Glove in hand, backpack fastened around his shoulders, Zack Hample scans the field.
It’s batting practice at U.S. Cellular Field. The rhythmic thud of ball meeting bat stops.
A new slugger trots to the plate.
Hample perks up.
He bites the bottom of his lip. He squints. He looks like a marksman trying to spot his target through a pair of aging sights.
“Dustin Pedroia!” he shouts. “Left field, left field!”
Hample, the record-setting baseball collector who has snagged more than 6,680 balls at MLB games, bounds up the aisle in right field, skipping two steps at a time.
He hustles furiously. But this is only practice.
Snagging balls was once just a hobby. But this season there’s money on the line.
Biggs Sunflower Seeds is challenging Hample to snag a game-used ball at all 30 big-league ballparks this season. For every stadium at which he succeeds, BIGS will donate $500 to Pitch in for Baseball, a charity that collects and redistributes new and used baseball and softball equipment to underprivileged communities around the world.
“It’s been exhausting and fantastic all at the same time,” Hample said.
So far, Hample has raised $7,000 and corralled balls at all 14 of his stadium stops.
Hample’s record for most balls nabbed in a game came on his birthday on Sept. 14, 2011. He pocketed 36 that day at Great American Ballpark.
But don’t ask him about it, he’s still bitter that he let a guy out jostle him from No. 37.
The last time Hample didn’t holster a ball? (game-used or BP) Sept. 2, 1993.
What went wrong?
“Two words: Yankee Stadium,” Hample chuckled.
While Hample failed to snag a game-used ball Tuesday at The Cell, rest easy. He returns Wednesday night.
Currently, Hample said he averages eight balls a game.
“He’s just so passionate about this,” said Neal Stewart, a Bigs employee who’s joining Hample on his journey. “He’s on a mission. The fun part is, this won’t be easy. He’s so intense about it.”
The intensity is easy enough to spot.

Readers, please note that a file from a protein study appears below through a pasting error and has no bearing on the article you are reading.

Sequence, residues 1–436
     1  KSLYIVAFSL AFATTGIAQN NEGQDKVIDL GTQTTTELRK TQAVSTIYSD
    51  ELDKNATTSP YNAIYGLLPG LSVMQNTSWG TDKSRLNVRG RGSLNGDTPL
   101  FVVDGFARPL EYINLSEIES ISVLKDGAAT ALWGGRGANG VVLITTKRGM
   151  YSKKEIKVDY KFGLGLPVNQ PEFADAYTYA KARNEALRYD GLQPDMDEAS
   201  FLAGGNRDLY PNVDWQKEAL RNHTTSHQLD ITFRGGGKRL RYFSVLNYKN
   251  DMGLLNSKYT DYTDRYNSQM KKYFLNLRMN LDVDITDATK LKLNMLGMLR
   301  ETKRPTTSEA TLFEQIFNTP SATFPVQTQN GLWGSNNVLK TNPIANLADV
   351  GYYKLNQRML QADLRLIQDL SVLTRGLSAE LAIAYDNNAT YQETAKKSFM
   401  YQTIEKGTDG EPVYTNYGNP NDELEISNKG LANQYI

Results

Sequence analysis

As seen in the New York native griping his backpack straps and sprinting down the outfield concourse, headed for left field and a better snagging position for the right-handed-hitting Pedroia.
“Hurry!” Hample shouts over his shoulder.
Hample reaches his destination: eight rows deep in left-center.
“Ah,” he says, “I think Pedroia’s gonna pull one.”
He repositions. This time in the far left-field corner, squished against the bullpen that takes up the last 20 yards or so of the left field fence.
The windup. The pitch. Crack.
Sure enough, Pedroia yanks a ball down the left-field line.
Hample looks back, pulsing his eyebrows a few times almost to say, “I told you so.”
But the ball crashes in the bullpen.
“That’s the problem with The Cell,” Hample says. “The bullpens swallow a lot of balls.”
Hample has this ball-snagging thing down to a science. He carries both rosters. He wields a sheet with some version of “Hey, throw me a ball,” written in more than 30 languages. He owns hats and T-shirts of all 30 big-league teams. He even owns an umpire hat for after the game. He tracks stats. He knows where to sit and where not to. He moves spots every half inning. And he’s nabbed at least one ball in his last 902 games.
He pocketed four just 20 minutes into batting practice Tuesday night.
A few more batters take their hacks. Only a couple of balls reach the outfield seats.
“Slow day,” Hample says, hands on hips. “Watch this.”
Hample heads back to the bullpen. He sets his backpack at his feet.
He dives inside, emerging with a lanyard, string, rubber band, Sharpie marker and a carabineer. He grabs his Rawlings outfielder’s glove. The one with “Zack Hample” branded down the thumb.
Hample loops the lanyard through the index finger hole in his glove and latches on the carabineer.
He leans over the bullpen railing.
“Look,” he says, pointing to a ball resting about five feet away.
He lowers the string. He sways his glove a few times like it’s the pendulum of grandfather clock, then tosses his contraption.
He reels the ball closer. Time for step two.
He pulls up his glove, fastens a thick rubber band across its fingers, stuffs a marker in its heel and lowers it again.
He works the ball into his glove, wedging it between the marker and rubber band.
Bingo. He lifts it up.
A kid two rows back watches Hample with wide eyes.
Hample turns, ball in hand, eyeing his newest treasure.
Hample spots the kid.
“Here ya go,” he says, handing the ball to the youngster.
No biggie. After all, batting practice balls don’t count toward the charity challenge.